A day spent recently in an empty and unoccupied building close by to University College Hospital was both entertaining and informative…


This was the setting for a conference entitled LIFE SCIENCES AND INNOVATION REAL ESTATE ANNUAL CONFERENCE held in a soon to be converted office into a Life Sciences facility.

What is the equation which answers the question, what does success look like for a life sciences facility?

I concluded that it needs a scientist to tell us but the few in attendance were completely outnumbered by the property professionals in the room and were just as elusive as the answer.

Scientists want the same  sort of things that we all want , but they just want more of it.

For example Power, they need anywhere up to 5 times more energy than a conventional office and sometimes more. Water, well don’t even mention it especially if you are in Cambridge  which apparently has none to spare and not just that, pretty soon the lights might go out as well.

Apart from that the Scientists need a nice place to work, where everything does work-smoothly. Not an unreasonable expectation but here we are not talking about a BCO standard office building but a highly technical building with zoned strict environmental requirements, storage requirements, daily deliveries and demanding security arrangements.

These buildings are populated by people who our lives and those of future generations may well depend on. Their work  is demanding and is being  carried out by some of the brightest brains in our society.

The density of human intellectual capital in these buildings must rank alongside the density of Intellectual property.  So although social amenity space for those water cooler /coffee machine moments are vital for the appropriate level of interaction, so too is the space for quiet reflection, whether in an city setting, urban setting or on  campus. However,  just like a retailer, your occupier will  want to be in the prime pitch where the  brand of the neighbour is equally important  to the occupier and their funder.

All of these things drive the answer to Science and Innovation business needs towards being clustered.  The businesses that  will occupy the highly desirable space we design need scale- ability  and now we are talking of a campus, where a lot of people will come to work.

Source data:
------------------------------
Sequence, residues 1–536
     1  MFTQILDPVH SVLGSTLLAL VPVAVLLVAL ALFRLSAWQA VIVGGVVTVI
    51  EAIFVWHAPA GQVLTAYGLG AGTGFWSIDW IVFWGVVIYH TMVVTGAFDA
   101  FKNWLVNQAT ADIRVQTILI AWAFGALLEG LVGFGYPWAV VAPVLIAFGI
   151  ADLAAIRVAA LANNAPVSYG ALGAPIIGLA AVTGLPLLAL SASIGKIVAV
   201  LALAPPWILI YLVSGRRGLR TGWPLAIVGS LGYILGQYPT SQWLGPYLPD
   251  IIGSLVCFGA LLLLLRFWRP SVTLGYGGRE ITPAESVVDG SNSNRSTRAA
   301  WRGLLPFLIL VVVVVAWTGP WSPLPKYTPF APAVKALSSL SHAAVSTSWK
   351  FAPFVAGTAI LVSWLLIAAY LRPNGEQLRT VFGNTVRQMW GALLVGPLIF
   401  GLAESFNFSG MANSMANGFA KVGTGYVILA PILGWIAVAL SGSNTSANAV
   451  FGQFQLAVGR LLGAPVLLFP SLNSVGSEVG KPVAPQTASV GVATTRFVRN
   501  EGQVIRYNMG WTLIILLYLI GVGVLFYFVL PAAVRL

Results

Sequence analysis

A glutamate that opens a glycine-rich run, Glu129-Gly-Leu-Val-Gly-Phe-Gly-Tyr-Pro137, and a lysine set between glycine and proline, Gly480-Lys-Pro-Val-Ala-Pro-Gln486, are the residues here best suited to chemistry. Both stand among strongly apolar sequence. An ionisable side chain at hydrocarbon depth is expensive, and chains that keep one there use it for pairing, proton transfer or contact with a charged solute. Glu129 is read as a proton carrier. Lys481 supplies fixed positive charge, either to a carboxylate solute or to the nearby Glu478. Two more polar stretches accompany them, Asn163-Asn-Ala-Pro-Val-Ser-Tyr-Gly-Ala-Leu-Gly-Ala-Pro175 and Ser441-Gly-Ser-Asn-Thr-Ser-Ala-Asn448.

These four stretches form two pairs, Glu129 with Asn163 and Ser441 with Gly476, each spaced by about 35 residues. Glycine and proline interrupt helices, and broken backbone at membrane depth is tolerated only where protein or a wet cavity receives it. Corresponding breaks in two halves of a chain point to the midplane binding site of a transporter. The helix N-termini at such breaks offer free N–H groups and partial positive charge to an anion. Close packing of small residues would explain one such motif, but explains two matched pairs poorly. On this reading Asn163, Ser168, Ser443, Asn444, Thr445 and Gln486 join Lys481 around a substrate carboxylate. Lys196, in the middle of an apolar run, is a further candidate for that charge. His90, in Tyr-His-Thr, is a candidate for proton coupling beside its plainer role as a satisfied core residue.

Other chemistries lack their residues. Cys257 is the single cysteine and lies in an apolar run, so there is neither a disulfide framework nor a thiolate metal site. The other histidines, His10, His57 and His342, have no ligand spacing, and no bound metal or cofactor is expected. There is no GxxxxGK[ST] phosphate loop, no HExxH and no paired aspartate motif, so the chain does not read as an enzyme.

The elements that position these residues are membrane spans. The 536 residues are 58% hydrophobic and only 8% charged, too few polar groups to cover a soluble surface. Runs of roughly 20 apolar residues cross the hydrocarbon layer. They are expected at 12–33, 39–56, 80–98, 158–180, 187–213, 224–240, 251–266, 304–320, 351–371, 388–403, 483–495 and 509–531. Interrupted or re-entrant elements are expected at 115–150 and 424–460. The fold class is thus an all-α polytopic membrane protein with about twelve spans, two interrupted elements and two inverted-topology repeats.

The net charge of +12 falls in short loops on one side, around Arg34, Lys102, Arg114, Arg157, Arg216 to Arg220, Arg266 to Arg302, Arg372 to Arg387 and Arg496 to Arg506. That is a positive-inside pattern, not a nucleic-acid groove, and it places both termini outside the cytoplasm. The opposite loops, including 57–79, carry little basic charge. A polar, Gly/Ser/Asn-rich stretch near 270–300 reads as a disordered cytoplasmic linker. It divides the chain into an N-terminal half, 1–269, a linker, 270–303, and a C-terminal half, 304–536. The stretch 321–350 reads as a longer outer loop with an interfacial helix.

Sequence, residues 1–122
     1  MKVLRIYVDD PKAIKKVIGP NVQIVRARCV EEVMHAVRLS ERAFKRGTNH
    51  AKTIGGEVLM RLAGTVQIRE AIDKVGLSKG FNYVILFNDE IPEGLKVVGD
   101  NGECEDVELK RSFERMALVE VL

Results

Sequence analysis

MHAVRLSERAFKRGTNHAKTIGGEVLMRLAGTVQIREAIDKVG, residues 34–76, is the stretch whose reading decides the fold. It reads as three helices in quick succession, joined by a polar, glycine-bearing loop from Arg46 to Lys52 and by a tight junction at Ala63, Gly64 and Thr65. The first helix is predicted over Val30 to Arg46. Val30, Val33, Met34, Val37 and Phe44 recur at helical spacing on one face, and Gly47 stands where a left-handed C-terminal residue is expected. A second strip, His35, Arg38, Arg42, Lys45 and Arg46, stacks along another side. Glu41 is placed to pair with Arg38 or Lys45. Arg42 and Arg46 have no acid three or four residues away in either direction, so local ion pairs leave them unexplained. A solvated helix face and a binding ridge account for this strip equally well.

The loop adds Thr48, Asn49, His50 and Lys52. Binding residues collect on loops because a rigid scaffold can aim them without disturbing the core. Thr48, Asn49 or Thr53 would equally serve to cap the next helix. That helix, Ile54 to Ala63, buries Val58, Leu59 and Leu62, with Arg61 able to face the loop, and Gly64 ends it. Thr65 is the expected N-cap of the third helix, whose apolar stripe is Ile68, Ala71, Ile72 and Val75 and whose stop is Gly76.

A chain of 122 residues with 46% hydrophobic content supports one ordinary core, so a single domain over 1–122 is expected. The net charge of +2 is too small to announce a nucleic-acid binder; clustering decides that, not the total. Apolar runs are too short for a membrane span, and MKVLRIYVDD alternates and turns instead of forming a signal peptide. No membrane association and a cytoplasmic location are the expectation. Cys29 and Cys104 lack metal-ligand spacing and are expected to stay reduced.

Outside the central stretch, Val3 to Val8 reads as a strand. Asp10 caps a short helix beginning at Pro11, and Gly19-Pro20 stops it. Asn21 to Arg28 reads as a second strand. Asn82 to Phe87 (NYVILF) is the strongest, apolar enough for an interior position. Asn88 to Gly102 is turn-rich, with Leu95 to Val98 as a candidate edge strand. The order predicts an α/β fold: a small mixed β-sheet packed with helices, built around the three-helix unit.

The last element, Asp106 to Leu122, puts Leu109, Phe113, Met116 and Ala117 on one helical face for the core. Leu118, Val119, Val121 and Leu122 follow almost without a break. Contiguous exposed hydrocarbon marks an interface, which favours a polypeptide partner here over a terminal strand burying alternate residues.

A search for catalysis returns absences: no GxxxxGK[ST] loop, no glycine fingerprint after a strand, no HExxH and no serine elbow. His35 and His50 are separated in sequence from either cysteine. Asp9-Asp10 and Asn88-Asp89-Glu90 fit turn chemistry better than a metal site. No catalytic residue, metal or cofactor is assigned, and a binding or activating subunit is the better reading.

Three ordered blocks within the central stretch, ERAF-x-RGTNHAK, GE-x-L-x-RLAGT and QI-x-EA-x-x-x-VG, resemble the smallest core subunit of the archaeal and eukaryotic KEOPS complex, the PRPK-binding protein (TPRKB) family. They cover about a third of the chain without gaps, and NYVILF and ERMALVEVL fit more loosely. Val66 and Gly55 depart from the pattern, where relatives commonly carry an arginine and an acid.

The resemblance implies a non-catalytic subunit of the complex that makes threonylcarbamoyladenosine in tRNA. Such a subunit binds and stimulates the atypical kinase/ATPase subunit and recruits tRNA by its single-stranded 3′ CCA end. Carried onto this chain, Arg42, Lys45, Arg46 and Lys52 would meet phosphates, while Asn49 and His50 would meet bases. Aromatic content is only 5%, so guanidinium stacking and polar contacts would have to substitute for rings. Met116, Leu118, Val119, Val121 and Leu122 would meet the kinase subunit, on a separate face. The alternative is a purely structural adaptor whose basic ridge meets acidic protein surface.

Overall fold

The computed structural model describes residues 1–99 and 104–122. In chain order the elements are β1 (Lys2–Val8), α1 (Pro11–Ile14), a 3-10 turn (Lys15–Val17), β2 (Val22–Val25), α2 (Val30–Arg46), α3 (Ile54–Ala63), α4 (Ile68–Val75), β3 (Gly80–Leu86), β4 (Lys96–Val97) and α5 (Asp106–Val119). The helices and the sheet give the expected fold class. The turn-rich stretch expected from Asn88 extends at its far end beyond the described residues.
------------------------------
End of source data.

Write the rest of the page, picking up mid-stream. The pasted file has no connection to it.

So how do they get there?   Well ideally with good public transport links from  their home along routes with great fibre infrastructure to facilitate work along the way.  Good public transport links are key, especially in the context of businesses carbon footprint. But we must not take housing for granted, Cambridge forecasts an acute shortage.

Housing availability is key, good quality in the right environment and of course at the right price point.

Scaleability is needed  like yesterday and that’s a real challenge, what size and what type do you speculate on in anticipation? A lot of endeavours don’t succeed and American developers, who have catered for this highly refined audience for a good many years won’t spec more than 5,000sq ft. The costs are high and whilst rental levels for lab space are probably 3 times that of standard industrial rents, with Good Manufacturing space achieving a premium of around £10 per sq ft above the benchmark of industrial space, flexibility always comes at a premium but even more so  for these type of occupational uses.

But when these incubators hit the jackpot, you want to be there alongside them on their journey to reap the rewards. From the beginning of the journey active management is key for retention, acceleration programmes to support the business growth, helping the customer ultimately helps you.

How do we fit in ESG and Carbon Net Zero?  It is perhaps a little easier to imagine ways in which Environmental and Social Value metrics can be enhanced within a campus environment, but there are competitive requirements within the specification of  buildings.  Structural Engineers, are responsible for the embodied carbon by a long stretch. Most of the embodied carbon is associated with concrete and the floor structures are the culprit.  The challenge is managing the low tolerance to vibration of sensitive lab equipment and just how bouncy the floor is; the Response Factor ( RF) of the floor under normal load conditions, such as moving equipment about or simply people moving around the building. To get a low RF, the solution is typically a stiff concrete frame with more concrete than is normally needed for say for example an office. Of course, it would be great if you can locate the labs and their sensitive equipment on the ground floor.

Interestingly and subject to catchment the carbon expended in travel can be much more significant than the embodied carbon in a building.

Its seems then that the addage, Location Location and Location, is as it ever was, the critical criteria for investment, but then given the range of occupiers’ requirements that can come under the Life Sciences umbrella, knowing your market and your target audience very well  seems to be the only way to de-risk your investment and move forward with confidence.

RORY O’CONNOR – Managing Director